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Viaduc de Millau

Having ridden under the viaduct, we decided to spend €16 for the péage and drive over the top.

First, we needed to post a necklace to Roberta, inadvertently left in Bev’s purse . . . not so easy as we expected! After trying to buy a little card with envelope and stamp we discover there’s yet another disadvantage of Brexit! A Tabac no longer sells postage stamps to the UK, you have to visit la Poste (fewer in number and more limited opening hours). OK, so we find la Poste in Millau. A very helpful receptionist advised us how to use the ‘Douane’ machine and after half an hour of form-filling online as well as on the special package we’d had to purchase, the necklace was finally posted, €4.15. 

Our plan was to visit the Aire du Viaduc just after the A75 péage booths. It’s an excellent, worthwhile visit with viewing platform and very well presented videos, information panels and slide presentations. We then drove across the iconic viaduct. Built in just three years this amazing feat of engineering was conceived by Michel Virlogeux and designed by architect Lord Norman Foster. The multi-stayed viaduct is the world’s highest at 343 metres with seven concrete piers, pylons and a steel deck. It spans the Tarn valley stretching 2.460m and was opened in 2004.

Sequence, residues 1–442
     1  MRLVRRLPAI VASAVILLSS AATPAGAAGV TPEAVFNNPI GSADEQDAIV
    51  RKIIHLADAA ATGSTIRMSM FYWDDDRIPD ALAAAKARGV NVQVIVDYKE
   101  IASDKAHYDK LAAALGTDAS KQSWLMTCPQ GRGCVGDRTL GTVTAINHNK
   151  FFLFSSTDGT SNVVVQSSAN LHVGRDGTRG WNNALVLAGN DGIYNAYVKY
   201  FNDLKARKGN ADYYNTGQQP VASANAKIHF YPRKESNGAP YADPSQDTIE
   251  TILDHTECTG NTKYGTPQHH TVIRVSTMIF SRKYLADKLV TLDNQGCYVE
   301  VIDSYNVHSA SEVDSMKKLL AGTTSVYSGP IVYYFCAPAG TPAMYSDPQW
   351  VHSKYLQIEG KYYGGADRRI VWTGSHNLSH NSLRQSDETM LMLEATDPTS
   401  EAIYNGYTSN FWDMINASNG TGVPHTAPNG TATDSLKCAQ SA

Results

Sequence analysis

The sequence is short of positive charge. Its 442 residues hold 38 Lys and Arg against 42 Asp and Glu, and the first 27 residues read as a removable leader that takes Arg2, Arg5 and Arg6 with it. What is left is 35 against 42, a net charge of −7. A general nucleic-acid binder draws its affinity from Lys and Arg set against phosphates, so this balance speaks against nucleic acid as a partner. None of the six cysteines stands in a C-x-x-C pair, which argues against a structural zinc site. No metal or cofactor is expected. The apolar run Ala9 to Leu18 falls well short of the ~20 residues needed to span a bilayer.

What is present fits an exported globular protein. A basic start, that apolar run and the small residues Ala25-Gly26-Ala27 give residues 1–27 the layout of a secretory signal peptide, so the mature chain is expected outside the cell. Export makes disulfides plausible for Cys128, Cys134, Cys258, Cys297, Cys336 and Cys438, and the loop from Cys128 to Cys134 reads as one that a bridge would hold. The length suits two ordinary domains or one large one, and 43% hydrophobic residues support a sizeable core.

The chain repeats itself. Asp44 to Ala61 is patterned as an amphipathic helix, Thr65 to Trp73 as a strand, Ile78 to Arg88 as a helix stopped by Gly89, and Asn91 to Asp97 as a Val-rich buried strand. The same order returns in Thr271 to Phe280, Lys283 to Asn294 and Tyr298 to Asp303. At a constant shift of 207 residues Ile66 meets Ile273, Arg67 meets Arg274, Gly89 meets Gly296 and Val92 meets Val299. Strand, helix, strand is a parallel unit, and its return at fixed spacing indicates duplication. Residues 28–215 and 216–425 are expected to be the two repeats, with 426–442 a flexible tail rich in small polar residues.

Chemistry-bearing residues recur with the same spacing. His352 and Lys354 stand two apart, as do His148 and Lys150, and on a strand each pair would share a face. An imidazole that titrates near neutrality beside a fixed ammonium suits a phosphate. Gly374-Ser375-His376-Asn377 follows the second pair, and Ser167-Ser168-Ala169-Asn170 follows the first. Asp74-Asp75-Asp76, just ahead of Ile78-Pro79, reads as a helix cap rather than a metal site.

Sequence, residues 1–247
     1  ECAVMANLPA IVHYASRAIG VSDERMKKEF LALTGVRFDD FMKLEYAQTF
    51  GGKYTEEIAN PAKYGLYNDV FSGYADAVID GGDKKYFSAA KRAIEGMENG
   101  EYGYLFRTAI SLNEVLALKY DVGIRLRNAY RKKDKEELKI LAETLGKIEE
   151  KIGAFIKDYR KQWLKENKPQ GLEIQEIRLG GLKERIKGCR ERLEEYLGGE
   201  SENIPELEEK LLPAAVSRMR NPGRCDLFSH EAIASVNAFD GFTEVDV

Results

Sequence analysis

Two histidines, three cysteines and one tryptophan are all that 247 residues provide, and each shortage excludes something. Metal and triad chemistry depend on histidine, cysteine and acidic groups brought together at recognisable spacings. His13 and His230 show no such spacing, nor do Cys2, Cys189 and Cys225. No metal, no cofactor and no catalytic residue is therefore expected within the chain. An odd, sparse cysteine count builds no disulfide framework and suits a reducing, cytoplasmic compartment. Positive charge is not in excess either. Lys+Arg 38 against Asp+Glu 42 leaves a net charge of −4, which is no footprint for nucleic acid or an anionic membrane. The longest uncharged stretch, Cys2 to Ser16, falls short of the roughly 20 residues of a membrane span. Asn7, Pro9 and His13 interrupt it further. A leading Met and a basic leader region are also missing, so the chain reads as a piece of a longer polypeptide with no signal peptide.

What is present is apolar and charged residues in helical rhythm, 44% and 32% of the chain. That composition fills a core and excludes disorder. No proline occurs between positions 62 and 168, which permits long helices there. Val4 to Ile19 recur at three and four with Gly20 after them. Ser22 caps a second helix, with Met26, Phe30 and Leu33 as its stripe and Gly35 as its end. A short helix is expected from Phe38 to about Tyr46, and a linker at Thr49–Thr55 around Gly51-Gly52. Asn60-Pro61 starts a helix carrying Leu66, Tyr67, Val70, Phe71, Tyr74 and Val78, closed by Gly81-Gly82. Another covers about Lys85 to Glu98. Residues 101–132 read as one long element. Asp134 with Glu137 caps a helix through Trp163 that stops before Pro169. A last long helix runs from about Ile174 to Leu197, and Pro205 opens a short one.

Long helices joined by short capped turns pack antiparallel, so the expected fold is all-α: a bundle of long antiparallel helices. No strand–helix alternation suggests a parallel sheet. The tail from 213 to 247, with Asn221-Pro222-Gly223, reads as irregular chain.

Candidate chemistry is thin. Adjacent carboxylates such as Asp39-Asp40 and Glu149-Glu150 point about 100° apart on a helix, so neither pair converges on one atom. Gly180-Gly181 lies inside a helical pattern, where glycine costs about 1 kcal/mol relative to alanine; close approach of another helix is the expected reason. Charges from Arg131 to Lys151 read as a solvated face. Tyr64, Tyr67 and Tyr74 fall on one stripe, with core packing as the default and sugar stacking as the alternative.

Leaving it a bit late for a big tour of the area, we set off on a short scenic route into the Gorges du Tarn. The spectacular limestone outcrops, cliffs and caves deserve a longer tour than we had time for. Suddenly, there’s a warning we’re on the reserve fuel tank having forgotten to buy some in Millau. It’s also getting dark! After a bit of trawling the online apps, we find a free camping-car parking lot to stay overnight in Nant. At 1800 we park up in a deserted carpark on the edge of town, drink the last of the red wine with spaghetti carbonara for supper and hope for good weather again tomorrow.